Dr Martin's Blog

Tuesday, February 14, 2012

Valentine’s Day, affairs of the heart and blocked arteries

As today is Valentine’s Day and February is National Heart Month, this blog entry concentrates on the romance of the moment – the courtship between the FA and Harry Redknapp.

 

It’s no secret that Harry recently had heart surgery to open blocked arteries. He’s also just spent the most stressful three weeks of his life in the dock at Southwark Crown Court. Is the stress of taking on ‘football’s impossible job’ really the best thing for his health?

 

Heart attacks are the leading cause of death for men and women in the UK, with over 100,000 people dying each year. The good news is that this number is falling, as more and more excellent treatments become available.

 

A heart needs its own blood supply. This comes through the coronary arteries. When these arteries get blocked the heart muscle is starved of oxygen and begins to die, resulting in a ‘heart attack’, also known as a ‘coronary’, or in medical parlance; acute myocardial infarction.

 

The common symptoms are pains in the centre or left side of the chest which don’t go away, aching feeling in the arms, neck, jaw or upper stomach; sometimes accompanied by breathlessness, nausea, vomiting, light-headedness and cold sweats.

The diagnosis is confirmed by looking for tell tale signs on an electrocardiogram (ECG), and blood tests looking for higher levels than normal of certain proteins in the blood, called troponins.

 

Detailed pictures of the coronary arteries are then taken, using special x-rays and dye injections via thin tubes passed from the groin back up the arteries to the heart (coronary angiography).   Once the blockage is found, it may be reopened by angioplasty, when the cardiologist inflates a fine balloon inside the artery to widen it back out and restore the blood flow to the injured heart muscle. The cardiologist may then put a wire mesh tube (stent) into the artery to keep it open for hopefully years to come.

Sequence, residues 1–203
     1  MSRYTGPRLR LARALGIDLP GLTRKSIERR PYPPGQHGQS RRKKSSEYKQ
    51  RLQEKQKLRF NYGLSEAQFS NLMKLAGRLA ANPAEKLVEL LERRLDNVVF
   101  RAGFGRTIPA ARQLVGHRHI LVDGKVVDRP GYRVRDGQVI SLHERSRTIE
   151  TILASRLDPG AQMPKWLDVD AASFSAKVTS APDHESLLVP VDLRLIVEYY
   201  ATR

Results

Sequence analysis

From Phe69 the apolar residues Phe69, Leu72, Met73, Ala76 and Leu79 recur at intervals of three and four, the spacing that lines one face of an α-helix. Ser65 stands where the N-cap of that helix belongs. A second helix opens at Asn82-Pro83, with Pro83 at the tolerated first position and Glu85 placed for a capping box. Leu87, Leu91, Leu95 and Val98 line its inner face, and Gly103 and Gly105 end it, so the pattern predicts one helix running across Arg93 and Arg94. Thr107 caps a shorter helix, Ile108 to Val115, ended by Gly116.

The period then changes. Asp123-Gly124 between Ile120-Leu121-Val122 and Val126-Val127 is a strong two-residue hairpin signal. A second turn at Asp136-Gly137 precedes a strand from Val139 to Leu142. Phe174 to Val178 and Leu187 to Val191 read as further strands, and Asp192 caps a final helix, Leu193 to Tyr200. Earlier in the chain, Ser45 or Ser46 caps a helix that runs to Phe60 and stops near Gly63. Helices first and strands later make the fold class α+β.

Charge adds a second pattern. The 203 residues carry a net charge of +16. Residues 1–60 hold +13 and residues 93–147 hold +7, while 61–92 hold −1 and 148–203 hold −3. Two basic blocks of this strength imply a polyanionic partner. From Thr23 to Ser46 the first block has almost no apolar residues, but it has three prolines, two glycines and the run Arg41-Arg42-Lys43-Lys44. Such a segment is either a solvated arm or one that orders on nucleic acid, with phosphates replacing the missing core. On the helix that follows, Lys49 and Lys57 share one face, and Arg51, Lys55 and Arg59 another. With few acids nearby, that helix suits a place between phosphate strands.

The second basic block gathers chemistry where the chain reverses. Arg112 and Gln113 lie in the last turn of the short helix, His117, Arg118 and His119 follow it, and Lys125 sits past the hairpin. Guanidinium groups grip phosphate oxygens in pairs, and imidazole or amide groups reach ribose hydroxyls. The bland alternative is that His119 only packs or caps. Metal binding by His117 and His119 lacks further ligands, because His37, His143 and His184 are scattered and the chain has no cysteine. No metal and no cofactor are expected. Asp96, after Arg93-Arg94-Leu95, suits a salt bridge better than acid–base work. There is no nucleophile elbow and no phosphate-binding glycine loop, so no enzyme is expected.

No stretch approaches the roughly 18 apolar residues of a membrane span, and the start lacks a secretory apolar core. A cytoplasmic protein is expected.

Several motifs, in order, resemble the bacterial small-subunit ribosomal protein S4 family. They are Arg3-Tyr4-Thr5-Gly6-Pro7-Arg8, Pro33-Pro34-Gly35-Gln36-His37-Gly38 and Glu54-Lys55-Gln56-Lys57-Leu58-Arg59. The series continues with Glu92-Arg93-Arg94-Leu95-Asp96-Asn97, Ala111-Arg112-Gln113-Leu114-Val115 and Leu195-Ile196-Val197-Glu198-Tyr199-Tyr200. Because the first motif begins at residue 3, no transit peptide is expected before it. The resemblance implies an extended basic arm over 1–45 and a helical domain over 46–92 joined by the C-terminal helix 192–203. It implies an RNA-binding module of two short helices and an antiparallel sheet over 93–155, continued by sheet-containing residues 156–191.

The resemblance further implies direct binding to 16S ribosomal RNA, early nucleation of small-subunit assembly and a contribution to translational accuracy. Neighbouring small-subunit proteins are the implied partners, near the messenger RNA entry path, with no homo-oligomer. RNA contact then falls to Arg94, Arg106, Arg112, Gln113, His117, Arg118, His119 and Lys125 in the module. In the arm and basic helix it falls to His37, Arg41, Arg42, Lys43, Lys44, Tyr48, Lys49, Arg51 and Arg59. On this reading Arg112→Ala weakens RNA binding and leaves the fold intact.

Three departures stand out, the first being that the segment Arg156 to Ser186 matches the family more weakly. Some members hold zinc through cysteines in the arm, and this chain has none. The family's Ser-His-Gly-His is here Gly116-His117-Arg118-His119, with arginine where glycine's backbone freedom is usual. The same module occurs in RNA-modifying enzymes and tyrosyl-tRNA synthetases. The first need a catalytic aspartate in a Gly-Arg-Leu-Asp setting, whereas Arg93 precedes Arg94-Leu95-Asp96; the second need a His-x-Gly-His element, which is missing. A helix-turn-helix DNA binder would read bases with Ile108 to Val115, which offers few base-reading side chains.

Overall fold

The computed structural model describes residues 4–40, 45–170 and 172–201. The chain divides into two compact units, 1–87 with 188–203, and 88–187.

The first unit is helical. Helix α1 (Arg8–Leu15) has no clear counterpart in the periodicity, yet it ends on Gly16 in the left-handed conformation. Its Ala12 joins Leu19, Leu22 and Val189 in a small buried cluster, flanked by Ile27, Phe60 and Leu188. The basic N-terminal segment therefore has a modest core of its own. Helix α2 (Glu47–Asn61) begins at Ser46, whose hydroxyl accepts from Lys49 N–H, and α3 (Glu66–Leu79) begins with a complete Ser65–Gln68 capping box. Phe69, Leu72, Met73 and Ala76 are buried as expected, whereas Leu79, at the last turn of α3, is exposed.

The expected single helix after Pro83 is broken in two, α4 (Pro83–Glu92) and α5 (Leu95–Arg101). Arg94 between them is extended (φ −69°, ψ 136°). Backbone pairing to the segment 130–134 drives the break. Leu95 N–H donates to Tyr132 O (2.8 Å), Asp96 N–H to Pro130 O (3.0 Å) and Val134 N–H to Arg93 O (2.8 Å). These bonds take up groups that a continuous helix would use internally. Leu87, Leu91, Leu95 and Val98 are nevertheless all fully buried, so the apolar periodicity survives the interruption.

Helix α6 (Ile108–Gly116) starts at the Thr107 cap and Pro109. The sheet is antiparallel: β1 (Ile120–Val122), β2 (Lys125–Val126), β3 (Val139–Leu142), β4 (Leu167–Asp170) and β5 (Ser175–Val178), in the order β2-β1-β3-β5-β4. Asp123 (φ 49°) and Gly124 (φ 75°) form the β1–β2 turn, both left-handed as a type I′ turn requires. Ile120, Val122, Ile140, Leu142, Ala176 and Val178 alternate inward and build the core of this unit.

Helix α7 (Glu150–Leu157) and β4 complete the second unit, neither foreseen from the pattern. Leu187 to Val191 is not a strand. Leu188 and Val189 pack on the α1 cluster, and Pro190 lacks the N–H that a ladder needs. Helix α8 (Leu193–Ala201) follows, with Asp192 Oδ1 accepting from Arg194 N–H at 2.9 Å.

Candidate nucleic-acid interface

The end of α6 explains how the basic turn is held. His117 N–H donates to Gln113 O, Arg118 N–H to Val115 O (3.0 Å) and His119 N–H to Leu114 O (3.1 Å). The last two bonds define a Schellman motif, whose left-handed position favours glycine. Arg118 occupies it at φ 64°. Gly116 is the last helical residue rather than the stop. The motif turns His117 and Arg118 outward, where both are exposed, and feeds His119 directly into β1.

If you’ve had a heart attack you are at risk of another one. However, with successful rehabilitation and sensible lifestyle changes (stopping smoking, being physically active and keeping a healthy weight) you should be able to return to an active, fulfilling life, with no restrictions on stressful activities.

 

So Harry, when they call, you can say yes!

Posted by Martin Errington on 02/14 at 07:33 AM
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Friday, February 03, 2012

Matthew Rees and Luke Narraway to miss 6 Nations openers due to calf strain

Wales hooker Matthew Rees and England flanker Luke Narraway are set to miss the opening matches of the RBS 6 Nations this weekend, due to calf strains picked up in training.

 

Calf strainA calf strain injury - also known as a 'pulled calf', 'pulled muscle' or even ‘tennis leg’ - is common in many sports. It is caused when the muscle is stretched beyond its limits and the muscle tissue is torn.

There are three main muscles at the back of the calf: the medial gastrocnemius, the lateral gastrocnemius and the soleus, and a further small muscle called the plantaris. All of which come together above the back of the ankle to form the Achilles tendon.

Gastrocnemius strains are most common, thought to be due to the muscle crossing two joints (knee and ankle) and because the muscle contains a particular type of fast twitch muscle fibre. It is difficult to distinguish this from the less common plantaris strain, unless diagnostic imaging is used. The soleus muscle only crosses the ankle joint, and is mostly made up of slow twitch fibres, so is considered low risk for strain injury.

Depending on its severity, a calf injury is classified as a first, second or third degree strain. The grading can be done by medical examination and by diagnostic imaging, most commonly diagnostic ultrasound and MRI scanning.

It sounds like Matthew and Luke are suffering from a first or second degree strain. They will initially be prescribed ‘RICE’: rest, ice, compression and elevation. Followed by gentle muscle stretching, through to muscle strengthening exercises, for about 10 days. Massage and ultrasound are often added at this stage.

We wish them both a speedy recovery.

 

For more in-depth information: Curr Rev Musculoskelet Med. 2009 June; 2(2): 74–77. Gastrocnemius vs. soleus strain: how to differentiate and deal with calf muscle injuries

 

Posted by Martin Errington on 02/03 at 04:17 PM
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